COS 115-1
Changes in ecosystem carbon responses to saltwater exposure: Implications of sea level rise in the Florida coastal Everglades

Thursday, August 13, 2015: 1:30 PM
302, Baltimore Convention Center
Benjamin J. Wilson, Biological Sciences, Florida International University, Miami, FL
Shelby M. Servais, Florida International University
Viviana Mazzei, Florida International University
Tiffany G. Troxler, Southeast Environmental Research Center, Florida International University, Miami, FL
John S. Kominoski, Florida International University, Miami, FL
Evelyn Gaiser, Department of Biology, Florida International University, Miami, FL
Fred Sklar, Everglades Systems Assessment Section, South Florida Water Management District, West Palm Beach, FL
Carlos Coronado, South Florida Water Management District, West Palm Beach, FL
Steve Kelly, South Florida Water Management District
Stephen Davis, Everglades Foundation

Coastal wetlands, which have immense potential to store carbon (C) in vegetation and sediments, are a vital part of the global C cycle. How C storage in coastal wetlands will be affected by accelerated sea level rise as a result of a warming climate, however, is uncertain. In oligotrophic wetlands such as the Everglades in the southeastern USA, saltwater intrusion will bring ions (Cl-, SO42-) and phosphorus (P), a limiting nutrient for ecosystem productivity. It is hypothesized that shifts in stressors and subsidies can shift the soil carbon balance from a net C sink to a C source, stimulating peat collapse, which will, in turn, accelerate the effects of sea level rise. Previous research on mangrove peat soils found an increase in CO2 efflux with elevated salinity, suggesting sea level rise may make soils susceptible to peat collapse. The objective of this study is to investigate how simulated saltwater intrusion into freshwater and oligohaline wetlands will change net ecosystem productivity and affect the soil C balance. Using coupled field and mesocosm experiments, we are examining how plant gross primary production, plant respiration, ecosystem respiration, microbial C processing, and net ecosystem exchange in freshwater and oligohaline wetlands will change when exposed to saltwater and an increase in P loading.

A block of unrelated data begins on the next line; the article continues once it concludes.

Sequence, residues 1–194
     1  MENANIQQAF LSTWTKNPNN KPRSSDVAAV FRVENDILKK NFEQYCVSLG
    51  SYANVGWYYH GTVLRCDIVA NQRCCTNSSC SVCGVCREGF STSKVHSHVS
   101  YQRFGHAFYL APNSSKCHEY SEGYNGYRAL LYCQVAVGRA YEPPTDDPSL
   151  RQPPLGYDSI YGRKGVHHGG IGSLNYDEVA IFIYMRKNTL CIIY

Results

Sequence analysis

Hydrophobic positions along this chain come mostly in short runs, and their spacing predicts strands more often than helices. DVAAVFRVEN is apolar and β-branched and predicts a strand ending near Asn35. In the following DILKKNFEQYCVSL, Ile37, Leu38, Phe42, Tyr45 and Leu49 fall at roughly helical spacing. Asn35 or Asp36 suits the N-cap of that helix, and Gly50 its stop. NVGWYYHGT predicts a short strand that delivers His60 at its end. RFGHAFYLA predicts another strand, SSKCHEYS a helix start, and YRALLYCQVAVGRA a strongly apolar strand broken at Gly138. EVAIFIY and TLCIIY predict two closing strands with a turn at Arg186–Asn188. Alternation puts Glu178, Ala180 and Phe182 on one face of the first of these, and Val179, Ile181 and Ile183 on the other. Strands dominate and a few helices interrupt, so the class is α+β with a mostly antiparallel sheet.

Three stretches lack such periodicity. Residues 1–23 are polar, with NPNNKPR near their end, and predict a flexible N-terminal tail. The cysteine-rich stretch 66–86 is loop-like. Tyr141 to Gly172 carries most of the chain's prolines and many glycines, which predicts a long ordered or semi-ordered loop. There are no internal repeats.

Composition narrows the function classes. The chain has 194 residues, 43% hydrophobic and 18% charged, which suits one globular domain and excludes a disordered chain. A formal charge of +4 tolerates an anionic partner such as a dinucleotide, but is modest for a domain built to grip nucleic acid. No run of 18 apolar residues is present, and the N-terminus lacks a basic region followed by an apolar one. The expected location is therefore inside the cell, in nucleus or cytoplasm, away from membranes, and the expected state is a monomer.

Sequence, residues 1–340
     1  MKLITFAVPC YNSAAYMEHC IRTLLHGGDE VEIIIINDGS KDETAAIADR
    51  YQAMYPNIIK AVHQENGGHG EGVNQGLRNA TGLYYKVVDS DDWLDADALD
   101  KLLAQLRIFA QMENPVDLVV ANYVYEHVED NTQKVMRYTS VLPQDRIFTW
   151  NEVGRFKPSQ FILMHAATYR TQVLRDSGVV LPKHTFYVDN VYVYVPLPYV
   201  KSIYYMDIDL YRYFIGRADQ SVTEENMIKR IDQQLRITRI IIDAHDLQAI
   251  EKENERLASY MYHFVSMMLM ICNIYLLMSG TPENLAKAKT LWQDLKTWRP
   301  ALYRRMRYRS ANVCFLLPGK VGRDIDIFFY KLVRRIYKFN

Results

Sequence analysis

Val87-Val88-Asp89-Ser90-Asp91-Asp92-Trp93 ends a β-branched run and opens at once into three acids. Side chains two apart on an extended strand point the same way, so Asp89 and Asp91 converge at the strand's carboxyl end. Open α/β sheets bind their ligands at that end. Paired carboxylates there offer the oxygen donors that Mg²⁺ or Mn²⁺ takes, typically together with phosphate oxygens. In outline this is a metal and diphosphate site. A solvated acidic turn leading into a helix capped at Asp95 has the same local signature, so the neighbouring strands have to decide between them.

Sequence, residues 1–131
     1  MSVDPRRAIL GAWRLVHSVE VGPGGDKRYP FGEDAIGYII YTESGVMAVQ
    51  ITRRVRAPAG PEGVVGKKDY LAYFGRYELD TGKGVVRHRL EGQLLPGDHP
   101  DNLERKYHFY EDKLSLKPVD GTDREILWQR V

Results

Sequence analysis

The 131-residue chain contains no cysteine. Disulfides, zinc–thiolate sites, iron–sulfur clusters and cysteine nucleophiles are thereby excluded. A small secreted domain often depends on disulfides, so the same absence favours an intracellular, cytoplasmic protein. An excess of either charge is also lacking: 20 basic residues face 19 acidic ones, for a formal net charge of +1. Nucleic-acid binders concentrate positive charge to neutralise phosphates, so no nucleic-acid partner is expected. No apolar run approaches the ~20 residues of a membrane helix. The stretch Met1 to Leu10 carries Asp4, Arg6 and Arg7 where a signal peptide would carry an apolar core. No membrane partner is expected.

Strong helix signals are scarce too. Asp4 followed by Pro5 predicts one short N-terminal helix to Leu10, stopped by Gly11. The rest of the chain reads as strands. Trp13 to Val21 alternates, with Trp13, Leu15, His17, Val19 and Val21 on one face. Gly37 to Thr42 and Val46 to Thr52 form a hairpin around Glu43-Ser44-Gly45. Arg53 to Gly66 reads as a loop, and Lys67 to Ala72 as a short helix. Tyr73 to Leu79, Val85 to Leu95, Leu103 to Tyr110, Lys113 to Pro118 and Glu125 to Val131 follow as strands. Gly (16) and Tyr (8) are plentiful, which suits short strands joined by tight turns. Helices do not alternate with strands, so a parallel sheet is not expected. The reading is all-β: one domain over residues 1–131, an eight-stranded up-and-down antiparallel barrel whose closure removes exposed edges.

Results from a short-term mesocosm experiment revealed that elevated salinity increased soil CO2 efflux in exposed soils, yet elevated salinity had no effect on inundated soils.  CH4 efflux increased in response to saltwater addition at the freshwater site but not at the oligohaline site, yet this response diminished during the onset of winter. We predict that a saltwater load will increase ecosystem respiration while decreasing ecosystem productivity, possibly shifting the C balance of these marshes from a net sink to a source. In contrast, increased P loading has been shown to increase ecosystem productivity in oligotrophic wetlands. Therefore, it is still unknown how the interaction of an increased P subsidy coupled with saltwater intrusion will affect overall net ecosystem productivity and the C balance. Results from this study will reveal how the soil C balance in freshwater and oligohaline wetlands changes with saltwater intrusion due to sea level rise.